Officially the civil war in Sri Lanka ended in May 2009 with the overwhelming defeat of the Tamil Tiger rebels – a group that fought for 26 years for a Tamil homeland in the north-east of the island but were proscribed as terrorist in many countries for their use of child soldiers and suicide bombers.
The United Nations has said the death toll in those final months of war in Sri Lanka could reach between 40 to 70 thousand Tamil civilians — a staggering number considering the size of the terrain. Both parties have been accused of committing war crimes and crimes against humanity but UN experts — one of whom is in the room — Yasmin Sooka — have said the majority of the killing was due to government fire.
The Sri Lankan military though maintained it operated a zero civilian casualty policy and was actually mounting a humanitarian rescue operation to save Tamil civilians – not kill them.
The war and its aftermath is now subject to an official investigation by the United Nations. This should also include the allegations of sexual violence — some of you may have seen on television the horrific images of the executions of captured Tamil men and women, naked and bound.
But today we’re focusing on what is happening now — five years after the guns went silent. The Sri Lankan government’s narrative is one of reconciliation, peace and reconstruction. These survivors tell a different story.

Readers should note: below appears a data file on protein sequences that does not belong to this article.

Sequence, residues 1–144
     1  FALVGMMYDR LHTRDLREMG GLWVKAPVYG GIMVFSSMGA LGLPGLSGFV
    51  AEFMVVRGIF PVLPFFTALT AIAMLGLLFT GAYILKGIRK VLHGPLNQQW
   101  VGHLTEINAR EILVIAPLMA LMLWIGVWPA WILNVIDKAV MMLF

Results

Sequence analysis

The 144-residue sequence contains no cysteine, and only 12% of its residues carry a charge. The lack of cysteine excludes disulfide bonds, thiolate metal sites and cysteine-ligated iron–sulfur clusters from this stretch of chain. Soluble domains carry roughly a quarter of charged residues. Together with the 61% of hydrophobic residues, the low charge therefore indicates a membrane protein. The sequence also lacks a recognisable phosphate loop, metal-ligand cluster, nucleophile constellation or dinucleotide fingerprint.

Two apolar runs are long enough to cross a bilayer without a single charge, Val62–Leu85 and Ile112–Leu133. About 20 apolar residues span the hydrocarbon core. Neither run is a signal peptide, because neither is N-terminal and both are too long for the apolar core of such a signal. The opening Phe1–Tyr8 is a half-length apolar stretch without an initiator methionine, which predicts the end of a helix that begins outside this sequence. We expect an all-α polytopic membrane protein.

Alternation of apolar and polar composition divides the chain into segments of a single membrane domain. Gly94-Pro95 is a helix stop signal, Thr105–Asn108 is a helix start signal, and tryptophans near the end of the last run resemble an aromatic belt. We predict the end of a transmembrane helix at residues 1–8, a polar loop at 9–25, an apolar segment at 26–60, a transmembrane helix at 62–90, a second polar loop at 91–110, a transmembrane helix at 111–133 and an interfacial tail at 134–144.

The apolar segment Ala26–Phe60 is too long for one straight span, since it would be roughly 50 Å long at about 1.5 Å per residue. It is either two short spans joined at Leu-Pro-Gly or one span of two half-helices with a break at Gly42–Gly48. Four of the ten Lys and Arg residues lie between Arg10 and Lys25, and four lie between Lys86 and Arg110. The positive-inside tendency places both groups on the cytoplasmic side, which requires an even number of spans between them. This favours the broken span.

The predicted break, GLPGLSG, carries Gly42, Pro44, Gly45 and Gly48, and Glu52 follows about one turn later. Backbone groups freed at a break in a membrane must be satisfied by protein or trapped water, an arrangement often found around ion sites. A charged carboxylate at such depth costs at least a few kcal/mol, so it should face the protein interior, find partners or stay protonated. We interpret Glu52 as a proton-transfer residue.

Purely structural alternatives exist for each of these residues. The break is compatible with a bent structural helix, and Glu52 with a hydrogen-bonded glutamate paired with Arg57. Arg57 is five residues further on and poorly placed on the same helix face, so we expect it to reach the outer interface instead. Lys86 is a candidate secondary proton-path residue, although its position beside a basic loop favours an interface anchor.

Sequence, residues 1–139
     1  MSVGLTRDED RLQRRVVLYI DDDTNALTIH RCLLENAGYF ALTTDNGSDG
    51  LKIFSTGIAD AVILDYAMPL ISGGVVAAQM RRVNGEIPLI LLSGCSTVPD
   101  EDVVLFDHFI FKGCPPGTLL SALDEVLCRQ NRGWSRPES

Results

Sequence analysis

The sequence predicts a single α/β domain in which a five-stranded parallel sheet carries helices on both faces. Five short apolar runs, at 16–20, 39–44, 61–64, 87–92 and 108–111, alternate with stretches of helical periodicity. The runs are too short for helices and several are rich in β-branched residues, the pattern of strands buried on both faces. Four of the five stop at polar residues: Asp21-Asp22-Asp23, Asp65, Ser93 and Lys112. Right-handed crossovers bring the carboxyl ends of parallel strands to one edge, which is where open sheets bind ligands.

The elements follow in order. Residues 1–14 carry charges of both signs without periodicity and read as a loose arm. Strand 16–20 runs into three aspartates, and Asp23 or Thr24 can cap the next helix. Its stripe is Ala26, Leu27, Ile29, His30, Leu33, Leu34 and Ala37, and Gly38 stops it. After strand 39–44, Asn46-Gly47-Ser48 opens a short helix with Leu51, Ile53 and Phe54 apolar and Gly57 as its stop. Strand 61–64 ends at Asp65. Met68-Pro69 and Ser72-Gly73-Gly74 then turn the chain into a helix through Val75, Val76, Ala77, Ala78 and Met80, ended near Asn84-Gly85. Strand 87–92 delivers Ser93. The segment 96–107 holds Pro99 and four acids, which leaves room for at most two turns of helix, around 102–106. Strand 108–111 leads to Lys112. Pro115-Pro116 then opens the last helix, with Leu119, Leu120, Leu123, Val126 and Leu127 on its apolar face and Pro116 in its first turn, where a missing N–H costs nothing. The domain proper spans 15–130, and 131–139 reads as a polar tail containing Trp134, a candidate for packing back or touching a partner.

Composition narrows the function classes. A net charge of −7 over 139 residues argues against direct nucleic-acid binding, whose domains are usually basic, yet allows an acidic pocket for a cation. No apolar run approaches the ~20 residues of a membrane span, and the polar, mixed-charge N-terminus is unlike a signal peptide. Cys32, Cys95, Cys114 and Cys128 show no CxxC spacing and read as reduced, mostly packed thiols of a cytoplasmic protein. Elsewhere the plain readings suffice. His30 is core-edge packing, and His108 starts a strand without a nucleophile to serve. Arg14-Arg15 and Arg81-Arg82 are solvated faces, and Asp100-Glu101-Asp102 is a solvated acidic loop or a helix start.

The extracts you will hear tonight come from among 40 legal statements taken from young men and women who recently escaped to Britain after being sexually tortured by the security forces in the post-war period. Many but by no means all – had some tenuous association with the Tigers in the past — if you lived in northern Sri Lanka that was hard to avoid.
Several people in the room have also documented rape and torture in Sri Lanka in their professions as doctors, lawyers, charity workers and journalists and I’d urge you to speak to them. [could mention guests such as Steve Rapp US AMB for war crimes and the UN Special Rapporteur for sexual violence in armed conflict Zainab Bangura and Baroness Helena Kennedy, Bar Human Rights Committee chair Kirsty Brimmelow etc]
The horror story begins in the same way: abductions in ‘white vans’ — vehicles that have become synonymous with terror in the island. It ends with family members paying bribes to the security forces through intermediaries to secure the release. And then, a terrifying journey abroad to safety while still suffering immense physical and psychological wounds.
Jenni Murray Opening